Bridging Genres

The River Burns

A review of The River Burns by Trevor Ferguson

Published on March 14, 2014

This is the first “Trevor Ferguson” novel that Trevor Ferguson has written in nearly twenty years. Once described by the Toronto Star as Canada’s best novelist, Ferguson more recently dropped his name to publish a crime mystery trilogy under the nom de plume of “John Farrow.” The last book in that series was River City; The River Burns, his return to literary writing, retains the feel of genre fiction, but it’s a thriller that takes a quieter form.

Like many of his novels – such as The Timekeeper, winner of the QWF’s Hugh MacLennan Prize for Fiction – this is a rural morality tale, though this time set in Quebec. It revolves around Wakefield’s crime of the century: the burning of a historic covered bridge, a real-life unsolved arson that took place in 1984. Here, in this fictionalized account, it is masterminded by local loggers who see it as a justified evil since the inefficiency of the one-lane bridge is costing them business.

The River Burns, by Trevor Ferguson

The River Burns
Trevor Ferguson

Simon & Schuster Canada

Ferguson tells his story using a biblical arc, through segments he titles Transgression, Reckoning, and Redemption. At the core of the narrative is the O’Farrell clan. Alexander Gareth O’Farrell is a wise but conflicted patriarch, overseeing two sons whose roles pit them against each other. Denny becomes a criminal while Ryan is a policeman. A former “river rat” who guided logs downriver from a raft, Alexander passes on his “infatuation with the river” to both his sons; this infatuation guides the clashing of many players, including a tribe of drug dealers who are also the resident environmental activists. Conflicts surface just as a “straightforward, shining beauty” with “breeze-tossed hair” floats into town, a Miss Raine Tara-Anne Cogshill.

As such language suggests, this tale is more potboiler than literary novel: an enticing read promising shorthand characterizations, a convenient plot, and spicy romance. Not surprisingly, The River Burns started as a film script, but a movie wouldn’t have been able to capture its ornate narration. Here, for example, Ferguson describes a night where, “under a waxing gibbous moon, as a wry dalliance of stars reflects on the silvery, oily black river below them, people of this town will labour through a night that casts a lurking judgement on their lives.” Even if they seem to overload the language, these quaint poetics can be charming and appropriate for the small town setting. Ferguson – much like author Louise Penny – rewards readers from Quebec with local colour, complete with bilingual dialogue. (French dialogue is mainly indicated in the narration without being written out.)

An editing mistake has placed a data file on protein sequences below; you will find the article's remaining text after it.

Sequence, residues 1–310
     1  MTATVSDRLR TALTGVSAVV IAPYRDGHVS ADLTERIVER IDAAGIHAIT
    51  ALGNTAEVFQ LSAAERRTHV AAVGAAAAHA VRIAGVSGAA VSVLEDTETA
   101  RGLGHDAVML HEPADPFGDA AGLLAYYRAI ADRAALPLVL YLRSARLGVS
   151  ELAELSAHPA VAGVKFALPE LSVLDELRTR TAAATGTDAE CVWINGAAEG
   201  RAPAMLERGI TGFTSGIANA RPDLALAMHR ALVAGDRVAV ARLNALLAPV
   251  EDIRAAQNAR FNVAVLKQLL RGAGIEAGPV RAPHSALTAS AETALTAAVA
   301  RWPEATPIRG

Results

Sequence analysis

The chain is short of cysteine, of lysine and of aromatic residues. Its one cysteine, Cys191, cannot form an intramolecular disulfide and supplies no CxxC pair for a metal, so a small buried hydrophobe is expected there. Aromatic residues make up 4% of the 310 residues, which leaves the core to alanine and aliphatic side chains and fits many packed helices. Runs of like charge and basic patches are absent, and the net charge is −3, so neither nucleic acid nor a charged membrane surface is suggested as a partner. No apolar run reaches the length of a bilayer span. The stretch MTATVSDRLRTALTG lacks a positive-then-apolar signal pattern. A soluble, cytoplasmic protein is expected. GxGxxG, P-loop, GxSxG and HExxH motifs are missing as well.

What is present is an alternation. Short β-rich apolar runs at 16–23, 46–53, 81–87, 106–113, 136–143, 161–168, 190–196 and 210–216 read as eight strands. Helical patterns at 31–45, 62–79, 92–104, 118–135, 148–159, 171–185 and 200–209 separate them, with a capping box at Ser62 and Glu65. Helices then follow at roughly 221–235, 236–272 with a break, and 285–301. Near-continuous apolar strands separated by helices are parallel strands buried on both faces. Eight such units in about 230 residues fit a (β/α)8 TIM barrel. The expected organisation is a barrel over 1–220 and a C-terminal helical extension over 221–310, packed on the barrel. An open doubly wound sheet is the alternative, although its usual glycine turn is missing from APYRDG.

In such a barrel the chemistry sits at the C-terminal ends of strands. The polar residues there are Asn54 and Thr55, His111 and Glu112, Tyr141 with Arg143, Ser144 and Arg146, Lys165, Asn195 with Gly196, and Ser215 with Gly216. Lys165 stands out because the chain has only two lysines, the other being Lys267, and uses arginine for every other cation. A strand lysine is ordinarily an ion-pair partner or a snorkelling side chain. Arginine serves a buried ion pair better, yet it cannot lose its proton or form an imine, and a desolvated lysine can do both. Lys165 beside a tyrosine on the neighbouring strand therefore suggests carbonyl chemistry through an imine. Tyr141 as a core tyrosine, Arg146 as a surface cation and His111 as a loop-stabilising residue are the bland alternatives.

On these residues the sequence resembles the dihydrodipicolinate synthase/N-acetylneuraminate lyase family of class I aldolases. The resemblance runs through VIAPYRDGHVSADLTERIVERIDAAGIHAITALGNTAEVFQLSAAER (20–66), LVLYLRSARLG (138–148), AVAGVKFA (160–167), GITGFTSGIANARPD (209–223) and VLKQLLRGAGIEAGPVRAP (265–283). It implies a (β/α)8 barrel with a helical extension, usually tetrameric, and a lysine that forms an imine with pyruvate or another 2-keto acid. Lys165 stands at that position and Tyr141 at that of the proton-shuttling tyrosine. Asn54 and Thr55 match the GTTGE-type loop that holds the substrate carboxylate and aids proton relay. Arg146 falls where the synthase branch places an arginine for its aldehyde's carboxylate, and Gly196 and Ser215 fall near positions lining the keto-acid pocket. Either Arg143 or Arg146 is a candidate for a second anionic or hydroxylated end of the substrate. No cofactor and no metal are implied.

Ferguson’s embrace of multiple genres does, however, muddy the plot. Swerving from flowery romance to community politics calls for some perplexing asides and shifts in tone. Some may also find a bridge too slight a hinge for such dramatics. New to Wakefield, Cogshill wonders, “What could sufficiently interest this spectrum of diverse people…. A bridge?” Some readers may ask themselves the same question.

Perfect for a daytrip to the Eastern Townships or a picnic by the St. Lawrence, The River Burns makes for a fast and tasty read. After all, we could do with more stories where the burning of bridges leads to the renewal of communities, rather than their unravelling. mRb

Crystal Chan is a writer and journalist. She is an editor at UBC Press and the editor of the QWF Writes column for the Quebec Writers’ Federation.



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